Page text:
Now- and then-

Yesterday I talked about how useful I find Wikipedia for first-level research–for providing a general basis of information so I can decide where to focus my research more specifically. But there’s another way that I find Wikipedia a great resource: the horrible, horrible writing.

The overwhelming volume of prose on Wikipedia is contributed by people wholly without skill as writers or editors. At least the factual inaccuracies are generally violations of some Wikipedia policy or another, such as neutral point of view or original research or verifiability, so there’s a mechanism to correct them. But not only is bad writing itself not a violation of Wikipedia policy, many Wikipedia writers actually go to great length to enshrine bad writing as policy; witness, for instance, the protracted argument over whether we should talk about the Beatles or The Beatles, in which over eleven thousand words are expended before the proponents of The grudgingly concede that the is correct–though as a peek at any Beatles-related article will show, they have then proceeded simply to act as if the outcome of the argument was that the capital T should be used at all times.

I’d go so far as to say that the writing on Wikipedia is so bad that it becomes instructively bad–often, there’s something to be learnt about writing good prose from examining just how the prose on Wikipedia manages to be so bad.

The Wikipedism that I always find most glaring is their habit of peppering their nouns and adjectives with the modifiers then- and now- at every opportunity they can find. It’s endemic throughout Wikipedia, and seeing it over and over again has led me to a conclusion: it is never appropriate to make your writing uglier by prepending then- or now- to a word.

Right away, I’m suspicious of that declaration. I’m generally distrustful of absolutes, in writing, in philosophy, in life; it’s my experience that almost always, the best path is some sort of middle road. I hope there’s an exception to the then- and now- rule; I hope some day I either think of a circumstance where they add meaning or aren’t ugly and awkward, or come across the circumstance in my reading. But of the hundreds of times I’ve seen them appear in Wikipedia articles, in every single instance they have been ugly and awkward, while adding no meaning to the sentence.

From Wikipedia’s article on the 1938 Munich Crisis: In fact, Edvard Beneš, the then-President of Czechoslovakia, had the military print the march orders for his army and put the press on standby for a declaration of war. Whoever wrote that sentence must have believed that if they omitted it, his readers ran the risk of not understanding that, in an article describing a diplomatic crisis between Germany and Czechoslovakia in 1938, the person referred to as “President of Czechoslovakia” was president at the time of the Crisis, and not necessarily president at another time. What exactly is the author worried about? That we’ll think the president mobilising the 1938 Czech army and making announcements to the 1938 Czech press is actually the current president of a no-longer-extant nation? Is the 1974 president? The 1919 president?

Or from Wikipedia’s article on Peter Gabriel: The third album is often credited as the first LP to use the now-famous “gated drum” sound. Again, what is the author of that sentence worried we won’t understand if he omits the now-? Is it that we might think the gated drum sound was famous in the past, but isn’t famous now? That makes no sense. Or does the author want us to understand that while the gated drum sound is famous now, it wasn’t famous at the time it was introduced? Well, how would we reach the conclusion that it was famous at the time it was first used? How many recording techniques are famous before they’re invented?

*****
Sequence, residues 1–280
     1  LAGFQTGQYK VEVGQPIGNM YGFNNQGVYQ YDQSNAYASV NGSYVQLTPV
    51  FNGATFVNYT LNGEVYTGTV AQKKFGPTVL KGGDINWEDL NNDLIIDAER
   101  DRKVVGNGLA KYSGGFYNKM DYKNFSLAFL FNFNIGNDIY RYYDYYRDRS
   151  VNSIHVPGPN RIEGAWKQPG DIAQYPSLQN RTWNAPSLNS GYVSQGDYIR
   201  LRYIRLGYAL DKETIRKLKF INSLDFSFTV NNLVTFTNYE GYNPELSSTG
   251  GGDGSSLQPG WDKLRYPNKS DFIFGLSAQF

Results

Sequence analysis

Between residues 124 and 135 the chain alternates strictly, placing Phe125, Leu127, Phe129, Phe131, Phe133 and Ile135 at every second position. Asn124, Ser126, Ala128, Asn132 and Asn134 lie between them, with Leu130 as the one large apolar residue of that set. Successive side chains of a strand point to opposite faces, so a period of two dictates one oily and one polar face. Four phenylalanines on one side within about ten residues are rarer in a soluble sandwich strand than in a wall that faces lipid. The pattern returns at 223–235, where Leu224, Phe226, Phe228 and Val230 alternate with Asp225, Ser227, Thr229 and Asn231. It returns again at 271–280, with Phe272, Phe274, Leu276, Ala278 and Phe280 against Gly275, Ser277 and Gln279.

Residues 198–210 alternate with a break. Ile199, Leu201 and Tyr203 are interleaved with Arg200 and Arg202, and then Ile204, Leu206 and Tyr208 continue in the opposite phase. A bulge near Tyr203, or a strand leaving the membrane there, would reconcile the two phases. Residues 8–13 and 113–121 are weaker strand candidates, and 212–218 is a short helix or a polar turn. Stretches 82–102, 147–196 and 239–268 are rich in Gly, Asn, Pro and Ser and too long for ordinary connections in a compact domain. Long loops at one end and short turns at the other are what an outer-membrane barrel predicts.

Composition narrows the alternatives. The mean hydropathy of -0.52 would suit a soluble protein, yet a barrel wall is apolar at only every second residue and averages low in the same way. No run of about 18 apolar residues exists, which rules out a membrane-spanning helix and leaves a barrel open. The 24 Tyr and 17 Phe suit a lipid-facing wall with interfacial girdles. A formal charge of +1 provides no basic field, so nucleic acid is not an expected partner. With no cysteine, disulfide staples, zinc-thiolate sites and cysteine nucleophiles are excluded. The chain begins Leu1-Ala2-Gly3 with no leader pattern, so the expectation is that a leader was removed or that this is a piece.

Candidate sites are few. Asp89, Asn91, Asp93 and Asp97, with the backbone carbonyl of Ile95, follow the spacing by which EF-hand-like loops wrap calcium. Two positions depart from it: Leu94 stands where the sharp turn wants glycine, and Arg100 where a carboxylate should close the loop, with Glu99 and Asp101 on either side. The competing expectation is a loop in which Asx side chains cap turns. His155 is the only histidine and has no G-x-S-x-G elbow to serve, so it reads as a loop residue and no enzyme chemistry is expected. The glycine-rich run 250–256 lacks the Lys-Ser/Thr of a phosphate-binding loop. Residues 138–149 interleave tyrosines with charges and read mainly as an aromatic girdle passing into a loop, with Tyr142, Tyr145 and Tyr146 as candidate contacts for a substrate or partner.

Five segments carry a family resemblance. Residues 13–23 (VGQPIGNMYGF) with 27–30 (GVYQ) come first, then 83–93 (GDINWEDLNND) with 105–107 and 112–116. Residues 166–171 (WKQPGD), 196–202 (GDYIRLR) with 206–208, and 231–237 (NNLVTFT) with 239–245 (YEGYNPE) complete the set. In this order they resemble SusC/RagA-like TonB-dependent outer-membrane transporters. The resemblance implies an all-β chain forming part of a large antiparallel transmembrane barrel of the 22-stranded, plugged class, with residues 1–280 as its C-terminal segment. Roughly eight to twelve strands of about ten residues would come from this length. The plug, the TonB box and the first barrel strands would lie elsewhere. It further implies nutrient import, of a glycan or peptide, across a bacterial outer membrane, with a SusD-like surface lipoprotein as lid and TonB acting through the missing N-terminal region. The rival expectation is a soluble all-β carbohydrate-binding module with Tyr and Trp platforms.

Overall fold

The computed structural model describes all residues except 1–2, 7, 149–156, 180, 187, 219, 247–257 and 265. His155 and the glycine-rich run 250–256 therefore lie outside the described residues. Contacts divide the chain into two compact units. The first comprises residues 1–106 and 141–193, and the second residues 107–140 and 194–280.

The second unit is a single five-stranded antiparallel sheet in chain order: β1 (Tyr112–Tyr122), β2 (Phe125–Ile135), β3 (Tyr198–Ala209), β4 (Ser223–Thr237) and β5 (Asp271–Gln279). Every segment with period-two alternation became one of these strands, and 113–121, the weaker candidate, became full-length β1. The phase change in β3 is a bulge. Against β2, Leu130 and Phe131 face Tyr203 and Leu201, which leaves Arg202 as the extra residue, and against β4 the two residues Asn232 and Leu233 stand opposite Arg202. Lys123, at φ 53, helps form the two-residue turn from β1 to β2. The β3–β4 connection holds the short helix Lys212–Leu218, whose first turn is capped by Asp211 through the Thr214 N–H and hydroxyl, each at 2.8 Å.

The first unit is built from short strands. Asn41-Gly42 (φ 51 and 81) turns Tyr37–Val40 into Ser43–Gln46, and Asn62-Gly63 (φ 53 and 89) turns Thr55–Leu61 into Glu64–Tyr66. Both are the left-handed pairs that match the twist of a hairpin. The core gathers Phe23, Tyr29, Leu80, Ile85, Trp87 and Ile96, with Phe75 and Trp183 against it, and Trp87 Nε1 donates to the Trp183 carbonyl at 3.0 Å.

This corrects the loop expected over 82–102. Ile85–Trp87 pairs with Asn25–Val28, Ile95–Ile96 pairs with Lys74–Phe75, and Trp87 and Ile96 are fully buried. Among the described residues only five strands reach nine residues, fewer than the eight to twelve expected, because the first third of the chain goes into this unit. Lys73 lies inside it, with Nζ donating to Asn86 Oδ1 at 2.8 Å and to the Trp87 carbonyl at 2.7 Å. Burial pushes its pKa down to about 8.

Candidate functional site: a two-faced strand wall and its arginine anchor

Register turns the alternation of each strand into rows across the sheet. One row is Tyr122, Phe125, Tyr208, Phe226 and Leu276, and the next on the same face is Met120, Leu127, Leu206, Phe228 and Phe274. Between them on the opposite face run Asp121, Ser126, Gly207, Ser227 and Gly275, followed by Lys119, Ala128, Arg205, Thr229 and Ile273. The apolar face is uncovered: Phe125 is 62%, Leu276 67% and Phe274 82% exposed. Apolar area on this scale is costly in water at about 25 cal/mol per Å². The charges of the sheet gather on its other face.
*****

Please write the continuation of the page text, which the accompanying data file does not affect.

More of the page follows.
Let’s look at these sentences if we make one small change to each of them:

In fact, Edvard Beneš, the President of Czechoslovakia, had the military print the march orders for his army and put the press on standby for a declaration of war.

The third album is often credited as the first LP to use the famous “gated drum” sound.

They both mean exactly the same as the originals. Removing the unwanted modifiers makes the sentences lexically more attractive, and it does it without removing a single drop of meaning. Wikipedia articles are full of horrible habits like these, but this is the one that’s always struck me as amongst the most widespread, easiest to spot, and unambiguously indefensible.

I

3 Responses to Now- and then-

  • tsarcasm says:

    I say we call them Ther Beatles. Like Winnie Ther Pooh. Jesu Cristo. That was spectacular.

    I am now-guilty of then-doing it. I'm not saying it was a frequent thing, I will, howevr, promise to consider anyuse of it carefully now, then, or in future.

    ;o)

    I'm gonna go gape at Ther Beatles argument.

  • I says:

    One thing I realised while writing this post, at least for "then-" if not "now-", is that it seems like almost always, the word could be included with only the most minor rewording of the sentence. "Edvard Benes, the then-President of Czechoslovakia," could just be, "Edvard Benes, then President of Czechoslovakia". Or what I came across yesterday in the Cary Grant article: "Clark Gable and Gary Cooper, Hollywood's then-biggest stars". Who really decides to write that instead of, "Clark Gable and Gary Cooper, then Hollywood's biggest stars"?

  • tsarcasm says:

    I agree. Something I've noticed in my own writing lately is hypenate confusion. Once you start hypenating things it's hard to stop and it crosses from necessary to informative to ridiculous to annoying. when I notice what I'm doing I stop hyphenating altogether until something really stands out and then the process starts over. The key is to hyphenate the same things logically and consistently or get an editor who does.

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